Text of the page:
Tony West, who was confirmed as head of the Justice Department’s civil division in April, has put on his top-priority list three big items: resolving the cases of enemy combatants at Guantanamo Bay, expanding the department’s fight against consumer fraud, and recouping money lost in fraud against the government.
The assistant attorney general, who was in Chicago to address the ABA meeting, said in an interview that resolving the Guantanamo cases is a “national security” issue, and he’s determined to meet President Barack Obama’s goal of closing the detention facility by January 2010. In keeping with past Obama administration statements, West reiterated that the military tribunals would proceed in some cases. He also said those proceedings would be reviewed to ensure that they are consistent with the rule of law and that options for individuals to challenge the process are available. Another process must be established for cases where the evidence has been tainted, he said.
The former Morrison & Foerster attorney, who was plucked from that law firm’s Oakland, Calif., office, said that he also wants to expand his division’s ability to pursue consumer fraud cases in cooperation with the Federal Trade Commission, especially to help people being preyed on in recession-driven scams.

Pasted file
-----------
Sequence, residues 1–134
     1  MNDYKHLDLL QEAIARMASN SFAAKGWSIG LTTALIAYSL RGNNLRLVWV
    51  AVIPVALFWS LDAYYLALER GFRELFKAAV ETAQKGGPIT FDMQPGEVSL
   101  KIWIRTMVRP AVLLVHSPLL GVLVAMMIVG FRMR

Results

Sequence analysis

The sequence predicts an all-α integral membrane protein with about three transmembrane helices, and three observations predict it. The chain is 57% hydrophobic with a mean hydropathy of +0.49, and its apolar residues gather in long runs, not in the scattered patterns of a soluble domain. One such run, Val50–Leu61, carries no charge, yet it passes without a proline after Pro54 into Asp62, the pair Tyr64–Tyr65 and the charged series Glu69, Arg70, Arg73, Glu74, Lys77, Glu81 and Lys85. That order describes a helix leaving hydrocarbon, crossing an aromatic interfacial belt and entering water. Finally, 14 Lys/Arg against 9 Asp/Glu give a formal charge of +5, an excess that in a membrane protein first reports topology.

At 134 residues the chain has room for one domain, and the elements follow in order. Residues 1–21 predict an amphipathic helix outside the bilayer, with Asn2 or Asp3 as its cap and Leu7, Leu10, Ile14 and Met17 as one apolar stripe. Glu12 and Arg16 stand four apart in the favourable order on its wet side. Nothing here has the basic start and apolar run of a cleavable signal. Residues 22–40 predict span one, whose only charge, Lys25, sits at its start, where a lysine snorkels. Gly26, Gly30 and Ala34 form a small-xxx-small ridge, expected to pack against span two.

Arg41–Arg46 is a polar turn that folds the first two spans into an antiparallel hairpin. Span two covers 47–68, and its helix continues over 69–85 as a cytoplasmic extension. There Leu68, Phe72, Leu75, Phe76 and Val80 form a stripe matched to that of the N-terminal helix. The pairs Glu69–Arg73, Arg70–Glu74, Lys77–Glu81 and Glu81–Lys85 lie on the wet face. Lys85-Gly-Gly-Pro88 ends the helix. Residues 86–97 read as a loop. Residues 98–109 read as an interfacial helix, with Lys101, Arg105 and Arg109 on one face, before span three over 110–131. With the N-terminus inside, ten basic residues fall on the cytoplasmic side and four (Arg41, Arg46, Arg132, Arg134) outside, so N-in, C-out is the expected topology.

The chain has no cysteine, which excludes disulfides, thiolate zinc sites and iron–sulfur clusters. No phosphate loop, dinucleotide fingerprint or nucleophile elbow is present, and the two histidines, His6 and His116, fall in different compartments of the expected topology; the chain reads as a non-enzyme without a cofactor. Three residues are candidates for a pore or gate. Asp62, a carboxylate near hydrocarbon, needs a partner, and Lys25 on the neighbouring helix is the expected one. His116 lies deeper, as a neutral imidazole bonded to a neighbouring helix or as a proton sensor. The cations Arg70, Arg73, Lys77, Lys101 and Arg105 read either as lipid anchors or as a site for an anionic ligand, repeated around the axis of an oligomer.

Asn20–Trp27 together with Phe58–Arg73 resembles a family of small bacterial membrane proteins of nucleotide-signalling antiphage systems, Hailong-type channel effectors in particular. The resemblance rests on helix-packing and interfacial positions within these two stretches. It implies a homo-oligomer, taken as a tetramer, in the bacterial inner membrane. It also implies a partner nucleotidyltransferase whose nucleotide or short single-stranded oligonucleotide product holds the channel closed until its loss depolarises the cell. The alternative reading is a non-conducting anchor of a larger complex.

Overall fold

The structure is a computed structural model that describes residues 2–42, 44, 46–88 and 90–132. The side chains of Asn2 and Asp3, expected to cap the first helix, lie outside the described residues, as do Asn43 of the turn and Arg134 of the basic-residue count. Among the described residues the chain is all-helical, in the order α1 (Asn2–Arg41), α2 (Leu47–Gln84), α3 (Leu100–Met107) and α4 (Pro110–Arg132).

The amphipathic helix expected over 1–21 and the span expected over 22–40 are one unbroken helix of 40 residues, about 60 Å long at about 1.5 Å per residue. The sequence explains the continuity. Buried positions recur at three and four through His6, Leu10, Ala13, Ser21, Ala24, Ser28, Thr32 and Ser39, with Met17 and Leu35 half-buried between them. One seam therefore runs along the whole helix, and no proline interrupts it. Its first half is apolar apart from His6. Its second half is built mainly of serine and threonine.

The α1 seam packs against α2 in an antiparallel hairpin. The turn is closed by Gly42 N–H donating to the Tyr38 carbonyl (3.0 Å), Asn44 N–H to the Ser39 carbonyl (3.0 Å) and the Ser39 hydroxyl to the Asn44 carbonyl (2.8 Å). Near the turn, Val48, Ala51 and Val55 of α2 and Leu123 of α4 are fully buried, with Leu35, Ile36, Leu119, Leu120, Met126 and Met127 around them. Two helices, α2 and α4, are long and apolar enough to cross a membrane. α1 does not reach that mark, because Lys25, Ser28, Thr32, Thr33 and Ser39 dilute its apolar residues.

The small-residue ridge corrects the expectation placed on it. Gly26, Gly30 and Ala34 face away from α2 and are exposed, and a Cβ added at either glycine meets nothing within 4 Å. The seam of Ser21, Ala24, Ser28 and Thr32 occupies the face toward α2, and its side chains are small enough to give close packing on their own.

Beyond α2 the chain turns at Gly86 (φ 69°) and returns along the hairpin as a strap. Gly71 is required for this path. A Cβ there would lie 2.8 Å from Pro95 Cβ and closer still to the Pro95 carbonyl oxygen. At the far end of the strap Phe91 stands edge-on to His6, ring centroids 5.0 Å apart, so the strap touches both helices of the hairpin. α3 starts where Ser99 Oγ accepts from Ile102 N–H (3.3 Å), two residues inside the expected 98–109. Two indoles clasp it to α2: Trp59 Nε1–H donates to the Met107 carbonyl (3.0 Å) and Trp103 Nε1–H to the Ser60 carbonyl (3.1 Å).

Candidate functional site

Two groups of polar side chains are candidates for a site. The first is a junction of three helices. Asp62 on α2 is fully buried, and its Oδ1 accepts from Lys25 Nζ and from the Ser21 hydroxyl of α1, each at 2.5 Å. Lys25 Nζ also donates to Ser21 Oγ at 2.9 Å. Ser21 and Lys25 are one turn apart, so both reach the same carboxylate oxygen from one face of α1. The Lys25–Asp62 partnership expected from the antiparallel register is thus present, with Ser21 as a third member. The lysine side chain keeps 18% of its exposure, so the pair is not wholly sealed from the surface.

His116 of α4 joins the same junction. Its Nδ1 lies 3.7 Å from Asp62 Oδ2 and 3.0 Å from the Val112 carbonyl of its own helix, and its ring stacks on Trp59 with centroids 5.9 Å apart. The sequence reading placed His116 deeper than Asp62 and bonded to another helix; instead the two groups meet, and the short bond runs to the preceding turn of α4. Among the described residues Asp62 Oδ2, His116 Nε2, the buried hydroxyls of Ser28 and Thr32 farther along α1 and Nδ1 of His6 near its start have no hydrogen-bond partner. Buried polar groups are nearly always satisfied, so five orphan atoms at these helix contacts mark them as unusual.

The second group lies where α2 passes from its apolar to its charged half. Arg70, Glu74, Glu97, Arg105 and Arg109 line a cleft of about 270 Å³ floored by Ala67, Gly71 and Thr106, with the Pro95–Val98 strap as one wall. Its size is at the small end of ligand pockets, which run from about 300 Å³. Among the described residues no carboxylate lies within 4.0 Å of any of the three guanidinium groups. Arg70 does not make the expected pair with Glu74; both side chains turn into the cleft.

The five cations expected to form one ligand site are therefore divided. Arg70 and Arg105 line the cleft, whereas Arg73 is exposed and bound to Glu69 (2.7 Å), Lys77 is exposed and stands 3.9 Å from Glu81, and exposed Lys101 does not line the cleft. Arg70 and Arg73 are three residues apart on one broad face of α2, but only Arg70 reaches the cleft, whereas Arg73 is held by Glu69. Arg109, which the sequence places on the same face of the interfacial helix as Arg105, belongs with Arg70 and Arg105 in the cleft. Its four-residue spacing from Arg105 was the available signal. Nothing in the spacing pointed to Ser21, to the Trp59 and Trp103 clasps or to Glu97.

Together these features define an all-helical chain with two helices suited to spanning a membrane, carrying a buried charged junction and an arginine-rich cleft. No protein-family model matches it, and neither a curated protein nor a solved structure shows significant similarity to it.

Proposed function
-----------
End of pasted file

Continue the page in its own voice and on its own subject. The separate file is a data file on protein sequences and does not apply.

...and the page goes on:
“I want to expand our capacity and expand the number of cases we’re bringing in that arena,” West said.
In the interest of “protecting taxpayers,” West said he wants to bring more cases under the False Claims Act, especially in the areas of health care and mortgage fraud. The department is on track to claw back $2 billion from such frauds for the Medicare Trust Fund this year, he said. In an effort to work with other government officials on that goal, he planned to meet today with Illinois Attorney General Lisa Madigan and met yesterday with Tom Walsh, the civil chief of the U.S. Attorney's Office in Chicago.
West declined to express any opinion on some of the proposals moving through Congress to amend the False Claims Act.
“The False Claims Act is one of the most important tools that the federal government has to try to recover monies lost to fraud, and I think that using that tool in an appropriate but an aggressive way is to the taxpayer’s benefit,” he said.